The use of an all-aluminum turbocharged three helps the GR Corolla’s fore/aft balance, and keeps the curb weight under 3,300 pounds. And when speaking of fore/aft balance, the GR-Four all-wheel drive system can be adjusted with just a twist of the dial. Everyday driving will typically call for a 60:40 front/rear split, while maximizing the fun factor suggests a 30:70 split. Should you want stability – and in 2023, who doesn’t? – dial up the 50:50 balance for track days or life’s ‘special stages’. It’s an amazing piece of engineering for what is – at its most basic – a production vehicle.

Of course, when you have 300 horsepower propelling just over 3,200 pounds, you’re well served by the appropriate mods made to suspension, wheels and tires. It all starts with a stiffened platform, made stronger with 349 more spot welds and extensive use of structural adhesive. 

Front suspension is a MacPherson strut design, while the rear employs a double-wishbone multilink assembly. None of this is revolutionary, but underscores Toyota’s ability to engineer high performance capability in what begins as a very pedestrian package. Our base Core GR also boasted the $1180 Performance Package, which includes front and rear Torsen Limited slip differentials and, not incidentally, red brake calipers and GR logo. On the ground are 18-inch Michelin Pilot Sport 4 tires mounted on 15-spoke cast alloy wheels. 

Inside, a clean, uncluttered dash design boasts a GR Full TFT meter with a 12.3-inch Multi-Information Display, showing you and your engaged passenger 4WD mode, turbo pressure, gear position and tach. Designed, we’re told, for easy viewing ‘in any condition’, it probably deserves its own GoPro.

If I were to ask for one change, it’d be to tighten the manual shift linkage. It doesn’t lack precision, but throws are too long for what should be a snick-snick operation. And while I like manuals, offering a dual-clutch automatic wouldn’t be the worst thing on the Build Your Own website.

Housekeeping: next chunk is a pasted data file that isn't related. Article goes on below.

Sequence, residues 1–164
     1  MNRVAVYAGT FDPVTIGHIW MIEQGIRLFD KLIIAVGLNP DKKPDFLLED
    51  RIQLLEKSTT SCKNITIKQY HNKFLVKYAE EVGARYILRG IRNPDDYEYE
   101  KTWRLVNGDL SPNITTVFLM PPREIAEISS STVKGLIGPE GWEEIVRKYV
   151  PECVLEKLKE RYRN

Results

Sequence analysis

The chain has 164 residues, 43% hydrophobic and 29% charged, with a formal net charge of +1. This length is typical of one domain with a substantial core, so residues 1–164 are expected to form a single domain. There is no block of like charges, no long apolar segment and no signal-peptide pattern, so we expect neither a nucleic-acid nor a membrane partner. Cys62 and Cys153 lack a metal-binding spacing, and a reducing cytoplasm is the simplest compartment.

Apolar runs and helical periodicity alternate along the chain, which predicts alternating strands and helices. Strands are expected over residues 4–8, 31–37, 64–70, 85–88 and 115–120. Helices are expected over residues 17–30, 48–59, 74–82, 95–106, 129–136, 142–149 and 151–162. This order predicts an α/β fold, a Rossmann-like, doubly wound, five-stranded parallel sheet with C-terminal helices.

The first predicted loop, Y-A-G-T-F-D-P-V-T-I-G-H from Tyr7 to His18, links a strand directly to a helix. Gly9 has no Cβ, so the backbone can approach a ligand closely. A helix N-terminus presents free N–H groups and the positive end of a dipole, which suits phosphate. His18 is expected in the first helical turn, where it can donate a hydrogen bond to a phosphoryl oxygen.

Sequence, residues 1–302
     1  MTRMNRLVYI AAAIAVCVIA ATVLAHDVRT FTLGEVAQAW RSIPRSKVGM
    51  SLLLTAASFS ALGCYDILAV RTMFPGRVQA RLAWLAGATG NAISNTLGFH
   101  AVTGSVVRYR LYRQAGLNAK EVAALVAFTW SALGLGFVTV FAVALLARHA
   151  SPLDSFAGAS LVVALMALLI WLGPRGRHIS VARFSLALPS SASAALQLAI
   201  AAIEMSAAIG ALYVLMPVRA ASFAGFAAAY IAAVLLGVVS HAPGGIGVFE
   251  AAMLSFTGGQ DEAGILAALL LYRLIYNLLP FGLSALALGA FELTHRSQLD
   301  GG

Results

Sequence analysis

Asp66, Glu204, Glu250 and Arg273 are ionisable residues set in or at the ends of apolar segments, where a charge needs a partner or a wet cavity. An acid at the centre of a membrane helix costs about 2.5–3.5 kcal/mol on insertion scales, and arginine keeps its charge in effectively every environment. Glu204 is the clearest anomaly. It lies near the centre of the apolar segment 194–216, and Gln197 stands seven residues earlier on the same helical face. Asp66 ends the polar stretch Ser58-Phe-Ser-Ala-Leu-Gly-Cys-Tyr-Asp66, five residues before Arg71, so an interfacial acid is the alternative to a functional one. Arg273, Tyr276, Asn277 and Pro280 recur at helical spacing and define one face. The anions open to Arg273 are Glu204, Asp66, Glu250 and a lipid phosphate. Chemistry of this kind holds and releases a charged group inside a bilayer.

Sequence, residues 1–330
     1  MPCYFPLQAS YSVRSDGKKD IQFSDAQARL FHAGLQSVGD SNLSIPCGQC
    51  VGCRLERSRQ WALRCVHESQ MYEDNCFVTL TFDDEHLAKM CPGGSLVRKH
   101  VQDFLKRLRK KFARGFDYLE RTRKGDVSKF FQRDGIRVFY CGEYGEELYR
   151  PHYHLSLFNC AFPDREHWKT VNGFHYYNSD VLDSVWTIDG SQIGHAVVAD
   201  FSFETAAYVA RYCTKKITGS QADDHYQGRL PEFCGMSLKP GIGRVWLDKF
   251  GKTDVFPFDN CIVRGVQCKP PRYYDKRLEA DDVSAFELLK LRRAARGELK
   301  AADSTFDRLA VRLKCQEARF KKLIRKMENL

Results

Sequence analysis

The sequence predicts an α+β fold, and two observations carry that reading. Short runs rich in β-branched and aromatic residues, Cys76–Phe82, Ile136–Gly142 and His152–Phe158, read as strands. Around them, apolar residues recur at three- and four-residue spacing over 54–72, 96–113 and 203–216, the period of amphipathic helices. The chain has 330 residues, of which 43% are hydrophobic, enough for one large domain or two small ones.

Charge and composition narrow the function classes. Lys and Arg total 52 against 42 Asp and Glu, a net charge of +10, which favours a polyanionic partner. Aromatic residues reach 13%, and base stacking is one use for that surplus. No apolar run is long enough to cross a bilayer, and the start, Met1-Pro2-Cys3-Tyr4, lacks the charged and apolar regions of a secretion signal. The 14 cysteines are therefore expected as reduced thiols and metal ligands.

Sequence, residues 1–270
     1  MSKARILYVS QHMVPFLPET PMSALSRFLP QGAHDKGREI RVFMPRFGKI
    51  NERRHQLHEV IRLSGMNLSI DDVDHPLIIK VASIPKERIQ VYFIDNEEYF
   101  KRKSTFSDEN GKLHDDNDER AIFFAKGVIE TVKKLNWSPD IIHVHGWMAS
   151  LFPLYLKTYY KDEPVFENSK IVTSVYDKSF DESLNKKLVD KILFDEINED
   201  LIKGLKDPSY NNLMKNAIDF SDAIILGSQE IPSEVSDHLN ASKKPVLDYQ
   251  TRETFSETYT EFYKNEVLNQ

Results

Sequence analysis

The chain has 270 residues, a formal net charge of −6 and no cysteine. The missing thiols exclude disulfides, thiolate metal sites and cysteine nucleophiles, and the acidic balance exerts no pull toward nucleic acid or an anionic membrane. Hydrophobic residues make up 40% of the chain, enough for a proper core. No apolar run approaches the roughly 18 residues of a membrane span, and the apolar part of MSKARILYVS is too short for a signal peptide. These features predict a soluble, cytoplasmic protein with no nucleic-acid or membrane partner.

Described by its builder (or, more accurately, the writer of its press release) as a Pure Toyota sports car, the descriptive nails it on the head if – of course – a sports car can include four doors and a hatch. 

My sports car is a ’21 Miata – a purchase decision I don’t regret. But if wanting to add a strong dose of automotive joy to an everyday commute, the GR Corolla presents a compelling opportunity. At a window sticker starting at $40K and accelerating through two additional trim levels (one of which is a track car, pure and not so simple…), it’s not cheap – but less expensive than building your own. 

In sum, don’t watch the party. Be the party.

Boldt, a contributor to outlets such as, Kelley Blue Book and Autoblog, brings to his laptop some forty years of experience in automotive retail, journalism and public relations. He is a member of the Texas Auto Writers Association, The Washington Automotive Press Association and L.A.'s Motor Press Guild. David is the Managing Editor of txGarage, a regular panelist on the AutoNetwork Reports webcast/podcast, and the automotive contributor to Dallas' Katy Trail Weekly.